Seeking opportunity in a moment of crisis, David Cameron this week spoke of Britain’s “slow-motion moral collapse”. The prime minister sought to identify “deeper problems” and came up with a sociological canard: the culture of poverty.
This analysis is one that regards the chaotic lives of poor people as cause, not symptom, of the collapse of their communities. For the prime minister, these families and their children simply chose to be feckless, indolent or on the wrong side of police lines.
Such talk will do much to harden public attitudes – helpful to a prime minister who wants to push draconian social policy through the Lords in the autumn. The rhetoric will profit the contentious welfare reforms, a policy built on the idea that poor people are “culturally” unique and dependent on welfare by their own design.
Although a seductive line of reasoning, there is little evidence to support a thesis that poor people’s behaviours and attitudes lie behind their plight. When proof is necessary to support this line of thinking ministers reach for beguiling figures. But in the welfare debate these numbers increasingly appear to be a mixture of lies and statistics.
Only last week, the Department for Work and Pensions (DWP) admitted that its claim that there had been a 30% rise in people on disability living allowance over eight years was in fact “distorted”. Some in the media had confidently reported that people were either junkies, alcoholics or faking their disability to get the welfare payment – hence its supposed escalating cost to the taxpayer. In fact, the rise is closer to 16%.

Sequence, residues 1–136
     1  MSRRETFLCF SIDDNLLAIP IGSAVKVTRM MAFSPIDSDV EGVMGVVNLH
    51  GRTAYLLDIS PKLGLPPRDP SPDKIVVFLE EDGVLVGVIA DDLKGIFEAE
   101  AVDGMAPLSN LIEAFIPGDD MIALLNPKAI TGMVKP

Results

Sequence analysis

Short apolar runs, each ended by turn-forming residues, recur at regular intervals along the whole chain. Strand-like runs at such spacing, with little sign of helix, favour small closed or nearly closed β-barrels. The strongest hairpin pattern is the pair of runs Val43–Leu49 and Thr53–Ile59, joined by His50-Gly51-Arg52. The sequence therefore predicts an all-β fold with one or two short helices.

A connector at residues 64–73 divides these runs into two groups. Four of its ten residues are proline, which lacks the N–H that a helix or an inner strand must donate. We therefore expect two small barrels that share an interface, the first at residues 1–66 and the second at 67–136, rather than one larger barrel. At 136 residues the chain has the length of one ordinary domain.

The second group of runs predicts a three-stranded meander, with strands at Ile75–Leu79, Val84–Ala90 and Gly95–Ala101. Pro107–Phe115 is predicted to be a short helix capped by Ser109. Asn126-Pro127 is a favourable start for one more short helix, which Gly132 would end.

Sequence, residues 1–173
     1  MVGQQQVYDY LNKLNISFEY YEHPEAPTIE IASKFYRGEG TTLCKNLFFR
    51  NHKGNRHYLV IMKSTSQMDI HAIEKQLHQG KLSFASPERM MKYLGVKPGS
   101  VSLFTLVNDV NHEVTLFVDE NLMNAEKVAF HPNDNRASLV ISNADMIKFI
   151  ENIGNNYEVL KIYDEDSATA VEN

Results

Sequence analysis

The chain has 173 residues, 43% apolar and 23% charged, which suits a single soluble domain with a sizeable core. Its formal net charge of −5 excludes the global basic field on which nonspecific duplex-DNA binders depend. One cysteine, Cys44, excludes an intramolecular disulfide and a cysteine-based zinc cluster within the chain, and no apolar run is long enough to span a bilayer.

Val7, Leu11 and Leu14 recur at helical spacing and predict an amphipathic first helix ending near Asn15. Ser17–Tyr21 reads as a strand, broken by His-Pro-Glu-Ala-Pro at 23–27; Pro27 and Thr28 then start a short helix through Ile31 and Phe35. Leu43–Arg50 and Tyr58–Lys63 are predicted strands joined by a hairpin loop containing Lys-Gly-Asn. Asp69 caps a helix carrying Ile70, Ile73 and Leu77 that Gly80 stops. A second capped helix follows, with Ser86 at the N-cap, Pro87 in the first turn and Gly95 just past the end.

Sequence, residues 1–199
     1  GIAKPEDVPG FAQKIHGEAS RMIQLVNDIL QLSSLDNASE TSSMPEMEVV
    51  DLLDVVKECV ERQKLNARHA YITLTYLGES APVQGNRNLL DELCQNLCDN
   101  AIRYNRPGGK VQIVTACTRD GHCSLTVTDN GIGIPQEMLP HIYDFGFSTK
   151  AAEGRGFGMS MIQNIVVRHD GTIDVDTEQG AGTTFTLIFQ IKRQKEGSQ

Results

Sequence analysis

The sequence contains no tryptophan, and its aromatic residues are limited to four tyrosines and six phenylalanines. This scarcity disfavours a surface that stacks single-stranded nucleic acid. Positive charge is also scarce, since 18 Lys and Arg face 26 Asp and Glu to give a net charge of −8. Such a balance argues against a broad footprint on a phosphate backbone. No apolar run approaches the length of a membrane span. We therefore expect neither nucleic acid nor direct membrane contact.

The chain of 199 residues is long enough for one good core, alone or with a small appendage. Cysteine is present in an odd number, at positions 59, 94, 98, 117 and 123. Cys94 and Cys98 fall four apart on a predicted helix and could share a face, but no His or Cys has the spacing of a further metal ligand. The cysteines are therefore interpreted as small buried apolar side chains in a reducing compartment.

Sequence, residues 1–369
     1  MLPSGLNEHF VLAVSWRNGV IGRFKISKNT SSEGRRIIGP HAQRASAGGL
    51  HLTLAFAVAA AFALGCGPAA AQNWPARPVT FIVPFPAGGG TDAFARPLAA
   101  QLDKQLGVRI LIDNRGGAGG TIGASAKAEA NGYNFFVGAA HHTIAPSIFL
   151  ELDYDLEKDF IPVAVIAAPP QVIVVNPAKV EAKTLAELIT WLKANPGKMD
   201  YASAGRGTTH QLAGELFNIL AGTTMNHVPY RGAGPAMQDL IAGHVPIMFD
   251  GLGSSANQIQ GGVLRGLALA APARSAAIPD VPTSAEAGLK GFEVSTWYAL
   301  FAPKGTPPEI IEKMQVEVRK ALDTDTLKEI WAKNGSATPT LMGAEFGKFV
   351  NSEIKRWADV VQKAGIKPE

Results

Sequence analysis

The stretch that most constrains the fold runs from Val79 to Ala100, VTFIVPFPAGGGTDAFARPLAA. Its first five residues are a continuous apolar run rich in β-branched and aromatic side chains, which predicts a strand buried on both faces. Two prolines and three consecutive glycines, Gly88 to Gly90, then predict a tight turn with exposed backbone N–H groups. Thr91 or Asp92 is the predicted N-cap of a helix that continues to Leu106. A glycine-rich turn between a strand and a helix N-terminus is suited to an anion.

Blogger Mason Dixon points out that if this information had been released when it was signed off, in May, it would have been released while MPs were debating the welfare reform bill. But having concealed the real figure, the government is pressing ahead with cutting a billion pounds from the benefit.
Another supposed trait of poor people is that they are workshy. To substantiate such prejudice, ministers point to the number of people who have been shifted (after a controversial medical test) from incapacity benefit to employment and support allowance.
When the department’s statistics came out last month, the media reported with glee that only 7% of applicants had been judged unfit for work. The Daily Mail dubbed them “the shirking classes”. Justified perhaps, except it was not true. Sir Michael Scholar, chair of the UK Statistics Authority, said in a letter to ministers earlier this month that the DWP had been producing data that was “not as clear as it should be”.
Then there is the frequent claim of a Shameless generation – swaths of the country where no one works because “scroungers” are paid not to by the government. Declan Gaffney, a former adviser to the DWP under Labour, has sifted through the census data to show that last year only 47 “super-output areas” – each corresponding to about 1,500 people in England – had more than half the population in receipt of out-of-work benefits. These represent a tiny 0.63% of all welfare claims.
In truth, the welfare bill, as a percentage of GDP, is roughly the same as when Labour took power in 1997 – despite a recession, inevitable higher unemployment and the spluttering economy. But to convince voters that Britain is broken, the prime minister is pushing social policy based on ideology rather than evidence. It is a belief system that will do little to help the people who need it.
• Randeep Ramesh is the Guardian’s social affairs editor.
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